Michael Stuart Kelly

Root Admin
  • Posts

  • Joined

  • Last visited

  • Days Won


Everything posted by Michael Stuart Kelly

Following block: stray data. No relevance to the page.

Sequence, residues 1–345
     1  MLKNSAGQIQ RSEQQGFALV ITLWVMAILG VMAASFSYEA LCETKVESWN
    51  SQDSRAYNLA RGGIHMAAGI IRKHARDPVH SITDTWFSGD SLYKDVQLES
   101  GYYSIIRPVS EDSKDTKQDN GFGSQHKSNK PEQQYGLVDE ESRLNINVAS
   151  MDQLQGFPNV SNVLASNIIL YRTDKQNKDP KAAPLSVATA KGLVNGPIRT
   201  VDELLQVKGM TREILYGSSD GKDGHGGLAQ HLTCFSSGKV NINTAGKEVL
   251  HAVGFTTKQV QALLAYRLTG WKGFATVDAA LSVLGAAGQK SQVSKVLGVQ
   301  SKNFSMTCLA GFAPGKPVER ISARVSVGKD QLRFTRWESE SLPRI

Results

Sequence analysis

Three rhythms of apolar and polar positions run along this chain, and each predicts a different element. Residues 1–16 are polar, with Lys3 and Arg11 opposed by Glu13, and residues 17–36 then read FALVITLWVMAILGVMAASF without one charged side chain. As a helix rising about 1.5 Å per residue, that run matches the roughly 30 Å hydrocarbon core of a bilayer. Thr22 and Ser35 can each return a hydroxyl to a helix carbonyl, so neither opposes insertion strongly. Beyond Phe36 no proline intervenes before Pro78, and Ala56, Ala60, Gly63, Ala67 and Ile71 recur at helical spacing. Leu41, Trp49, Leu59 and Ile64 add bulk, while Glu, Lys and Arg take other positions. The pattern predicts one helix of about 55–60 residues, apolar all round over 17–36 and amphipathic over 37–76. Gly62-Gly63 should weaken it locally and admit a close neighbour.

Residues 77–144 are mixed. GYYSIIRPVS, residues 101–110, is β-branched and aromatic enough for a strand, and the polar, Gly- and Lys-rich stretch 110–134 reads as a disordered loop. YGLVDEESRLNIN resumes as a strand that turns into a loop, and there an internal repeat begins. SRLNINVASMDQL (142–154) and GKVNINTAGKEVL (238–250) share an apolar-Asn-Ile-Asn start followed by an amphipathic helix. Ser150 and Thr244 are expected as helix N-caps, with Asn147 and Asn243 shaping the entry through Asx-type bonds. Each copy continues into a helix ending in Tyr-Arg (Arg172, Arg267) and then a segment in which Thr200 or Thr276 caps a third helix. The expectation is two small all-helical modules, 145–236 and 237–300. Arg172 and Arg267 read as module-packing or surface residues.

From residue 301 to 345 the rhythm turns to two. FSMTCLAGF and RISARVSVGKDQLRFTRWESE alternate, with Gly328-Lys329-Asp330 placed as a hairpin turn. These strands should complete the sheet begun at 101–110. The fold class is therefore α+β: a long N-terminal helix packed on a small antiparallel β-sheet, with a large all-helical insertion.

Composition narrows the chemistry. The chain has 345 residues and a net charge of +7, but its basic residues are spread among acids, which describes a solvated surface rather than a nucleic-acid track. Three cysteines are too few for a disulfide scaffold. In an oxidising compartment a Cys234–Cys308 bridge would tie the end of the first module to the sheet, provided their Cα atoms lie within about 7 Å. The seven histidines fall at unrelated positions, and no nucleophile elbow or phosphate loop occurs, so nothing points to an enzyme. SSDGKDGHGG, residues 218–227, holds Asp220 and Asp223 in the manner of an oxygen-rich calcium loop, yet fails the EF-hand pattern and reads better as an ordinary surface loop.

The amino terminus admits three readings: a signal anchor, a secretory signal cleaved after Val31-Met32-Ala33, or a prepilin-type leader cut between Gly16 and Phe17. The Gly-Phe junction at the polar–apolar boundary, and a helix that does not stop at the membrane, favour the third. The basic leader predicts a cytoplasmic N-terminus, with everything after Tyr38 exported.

1. John, I remember this episode from when I read PAR in Brazil right after it came out. One of the very first things I read in The Early Ayn Rand when it came out was "Good Copy." I wanted to see if it was a great story or not. My own evaluation of the story was similar to Barbara's back then. It probably still it. I might reread it now. There was a writer of more contemporary fiction, private eye stuff actually, who wrote a series with the kind of character Rand created with "Good Copy." The sense of life of the characters always struck me as very, very similar. And he did it with extreme talent (much more polish than Rand had back when she wrote her story) - Lawrence Sanders with his Archibald McNally series. Also, Sanders created Joshua Bigg in The Tenth Commandment. This little guy is probably one of the most charming and just plain nice private eyes ever created. I have always wondered if Sanders was influenced by Rand in any way. I wonder if he knew her. I don't imagine that he had read that story, but New York can be a very small town in the publishing world. Anyway, I have not heard the CD now sold of the fiction writing course, but I would place good money on the "Good Copy" episode being airbrushed out. Michael